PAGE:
Growing up, I was always told that I was hyper. I was the kid that couldn't have koolaid, too many sweets, or any other pre-sweetened cereal. School was a struggle, going back to my old report cards, conduct was always something of "Can't keep still, talkative, talks out of turn, etc. . .
There was no such thing as ADHD. I got punished, a lot. High School wasn't any better. I failed literature, it's not that I didn't pay attention but everyone else reads a story; myself, its all words where my mind creates another story. I'm glad I did graduate, although I almost failed literature again.
It wasn't until I got married (divorced for other reasons) and had a child that I come to realize what I actually had. My son, now 8 is just like me, if not worse. I was against the acronym ADHD because growing up there was no such thing.
My son was just like me, from conduct and one hell of an outgoing personality. His conduct took more hits than mine. So, his mother and I decided to get him evaluated for ADHD. After he was prescribed medication, my fears of having a zombie kid was nonexistent. He is an honor roll student who is in accelerated reading, something I could have never imagined being in.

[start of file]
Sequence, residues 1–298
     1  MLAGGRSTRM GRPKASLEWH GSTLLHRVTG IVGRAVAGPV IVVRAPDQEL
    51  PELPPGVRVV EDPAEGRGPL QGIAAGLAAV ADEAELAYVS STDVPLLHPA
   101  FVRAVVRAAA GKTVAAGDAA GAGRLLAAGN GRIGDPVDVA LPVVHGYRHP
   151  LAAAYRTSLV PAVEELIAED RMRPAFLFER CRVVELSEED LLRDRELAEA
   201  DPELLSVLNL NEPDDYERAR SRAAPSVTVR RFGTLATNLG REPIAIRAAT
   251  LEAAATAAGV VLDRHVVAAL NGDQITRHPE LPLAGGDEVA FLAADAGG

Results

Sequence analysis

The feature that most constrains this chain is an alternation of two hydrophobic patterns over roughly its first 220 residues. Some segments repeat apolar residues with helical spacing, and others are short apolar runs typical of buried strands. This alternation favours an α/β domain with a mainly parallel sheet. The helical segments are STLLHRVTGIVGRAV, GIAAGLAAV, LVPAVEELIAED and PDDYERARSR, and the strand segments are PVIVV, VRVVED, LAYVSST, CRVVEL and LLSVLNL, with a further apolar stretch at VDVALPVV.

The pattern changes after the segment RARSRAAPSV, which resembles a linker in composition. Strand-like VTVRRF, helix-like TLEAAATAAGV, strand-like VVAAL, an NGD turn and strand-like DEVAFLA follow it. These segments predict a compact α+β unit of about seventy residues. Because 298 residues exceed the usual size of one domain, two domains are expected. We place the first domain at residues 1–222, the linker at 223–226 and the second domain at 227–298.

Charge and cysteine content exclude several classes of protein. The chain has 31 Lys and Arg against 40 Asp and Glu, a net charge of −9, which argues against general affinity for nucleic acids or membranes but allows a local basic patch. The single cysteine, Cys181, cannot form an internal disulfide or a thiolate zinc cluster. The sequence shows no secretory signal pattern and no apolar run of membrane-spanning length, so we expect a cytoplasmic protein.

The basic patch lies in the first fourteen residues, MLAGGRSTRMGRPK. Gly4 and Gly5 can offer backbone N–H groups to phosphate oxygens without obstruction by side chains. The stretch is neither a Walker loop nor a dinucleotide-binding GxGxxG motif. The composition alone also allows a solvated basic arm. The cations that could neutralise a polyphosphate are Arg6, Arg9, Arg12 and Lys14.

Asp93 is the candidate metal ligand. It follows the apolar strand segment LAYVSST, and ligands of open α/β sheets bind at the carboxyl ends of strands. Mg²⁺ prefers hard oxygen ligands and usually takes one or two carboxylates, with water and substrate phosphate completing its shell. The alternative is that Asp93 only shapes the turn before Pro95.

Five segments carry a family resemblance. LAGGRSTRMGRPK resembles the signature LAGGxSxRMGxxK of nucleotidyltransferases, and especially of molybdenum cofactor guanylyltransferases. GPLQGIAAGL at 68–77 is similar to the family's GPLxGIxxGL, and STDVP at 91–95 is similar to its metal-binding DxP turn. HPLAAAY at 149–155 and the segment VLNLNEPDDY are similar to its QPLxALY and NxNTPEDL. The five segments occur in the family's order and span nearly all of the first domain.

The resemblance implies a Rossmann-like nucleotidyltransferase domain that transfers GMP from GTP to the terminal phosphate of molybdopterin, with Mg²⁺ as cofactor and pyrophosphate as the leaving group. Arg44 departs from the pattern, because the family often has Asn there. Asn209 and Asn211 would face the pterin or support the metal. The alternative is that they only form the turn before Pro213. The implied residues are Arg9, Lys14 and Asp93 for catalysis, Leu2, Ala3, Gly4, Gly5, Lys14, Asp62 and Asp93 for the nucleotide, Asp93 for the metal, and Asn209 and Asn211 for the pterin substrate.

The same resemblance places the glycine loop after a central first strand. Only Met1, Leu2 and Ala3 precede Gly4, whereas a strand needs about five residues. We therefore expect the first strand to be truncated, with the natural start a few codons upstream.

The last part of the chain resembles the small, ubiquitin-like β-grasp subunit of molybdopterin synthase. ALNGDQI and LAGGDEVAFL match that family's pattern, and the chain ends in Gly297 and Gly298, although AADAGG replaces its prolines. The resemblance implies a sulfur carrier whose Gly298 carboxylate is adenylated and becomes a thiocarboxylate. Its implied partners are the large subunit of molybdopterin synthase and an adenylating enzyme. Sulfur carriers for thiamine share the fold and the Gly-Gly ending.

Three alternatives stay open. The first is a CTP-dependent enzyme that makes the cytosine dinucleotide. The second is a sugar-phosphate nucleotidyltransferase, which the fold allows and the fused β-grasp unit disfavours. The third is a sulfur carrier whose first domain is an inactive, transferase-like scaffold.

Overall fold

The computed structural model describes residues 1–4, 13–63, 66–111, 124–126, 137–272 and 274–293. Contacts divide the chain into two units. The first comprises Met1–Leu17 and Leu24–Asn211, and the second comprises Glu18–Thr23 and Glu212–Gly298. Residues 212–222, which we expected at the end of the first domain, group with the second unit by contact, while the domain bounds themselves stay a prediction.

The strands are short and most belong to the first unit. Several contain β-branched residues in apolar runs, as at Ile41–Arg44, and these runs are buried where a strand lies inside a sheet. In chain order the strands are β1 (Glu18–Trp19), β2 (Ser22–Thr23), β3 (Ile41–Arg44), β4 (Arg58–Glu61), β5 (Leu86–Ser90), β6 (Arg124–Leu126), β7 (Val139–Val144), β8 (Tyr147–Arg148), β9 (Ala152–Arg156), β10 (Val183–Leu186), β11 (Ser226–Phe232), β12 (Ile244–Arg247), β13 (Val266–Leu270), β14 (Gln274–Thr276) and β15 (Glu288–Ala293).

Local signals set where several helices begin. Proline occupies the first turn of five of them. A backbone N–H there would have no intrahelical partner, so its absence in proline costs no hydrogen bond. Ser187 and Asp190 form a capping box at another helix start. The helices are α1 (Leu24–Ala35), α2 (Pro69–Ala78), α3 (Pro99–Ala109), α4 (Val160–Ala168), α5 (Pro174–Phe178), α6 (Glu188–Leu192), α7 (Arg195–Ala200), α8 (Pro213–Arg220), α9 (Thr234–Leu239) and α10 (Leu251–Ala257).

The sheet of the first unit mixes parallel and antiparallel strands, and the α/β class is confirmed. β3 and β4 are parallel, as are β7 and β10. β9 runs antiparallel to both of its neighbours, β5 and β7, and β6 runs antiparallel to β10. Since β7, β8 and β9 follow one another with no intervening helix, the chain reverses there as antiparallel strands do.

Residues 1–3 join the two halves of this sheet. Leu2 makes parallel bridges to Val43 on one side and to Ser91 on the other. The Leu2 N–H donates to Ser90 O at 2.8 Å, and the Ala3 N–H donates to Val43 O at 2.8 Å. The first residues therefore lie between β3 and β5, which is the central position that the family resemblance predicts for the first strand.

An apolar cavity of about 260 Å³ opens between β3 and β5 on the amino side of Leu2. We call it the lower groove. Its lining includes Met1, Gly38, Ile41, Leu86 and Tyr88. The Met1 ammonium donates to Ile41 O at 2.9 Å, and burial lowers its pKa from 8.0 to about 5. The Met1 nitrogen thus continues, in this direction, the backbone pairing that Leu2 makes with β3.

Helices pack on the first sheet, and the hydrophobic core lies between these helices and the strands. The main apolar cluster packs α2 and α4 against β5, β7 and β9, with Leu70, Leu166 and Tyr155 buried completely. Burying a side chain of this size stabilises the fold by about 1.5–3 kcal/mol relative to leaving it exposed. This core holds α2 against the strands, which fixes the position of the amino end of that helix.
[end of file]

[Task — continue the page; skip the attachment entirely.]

32 years-old, I began looking at myself as a whole. I find myself having issues focusing on daily task, where cleaning my house takes days. Cleaning one room, then seeing something else, starting on that, not finishing that, and finding another thing to do. On that, having a lot of projects where nothing actually gets completed.
Relationships took a toll too. Having a 100 different thoughts with a 1000 outcomes wasn't healthy. I battle those thoughts daily. Sleep doesn't happen like it should, waking up more times throughout the night and having all kinds of thoughts rolling through. Some good others just making me have trust issues.
Talking with people is hard. Some may relate, but having several different subject topics at one time and talking faster than most, a lot of people have a hard time keeping up.
Impulse buying to impulsive embarrassing behavior such as knocking my knuckles together to release pinned up energy but sometimes having a lot of energy but no motivation. Keeping still is one I'm not good at, even now.
After speaking with one of my co-workers, we compared our lives. Me and his followed hand in hand. With his understanding and support, I am finally getting the help that I so desperately needed. Maybe now, I can read a story and not a book with just words. I am looking forward to talking to my son about something I read.
Please note ouradhdstory shares opinions and thoughts from others which are solely the thoughts of the author and do not necessarily represent those of this blog.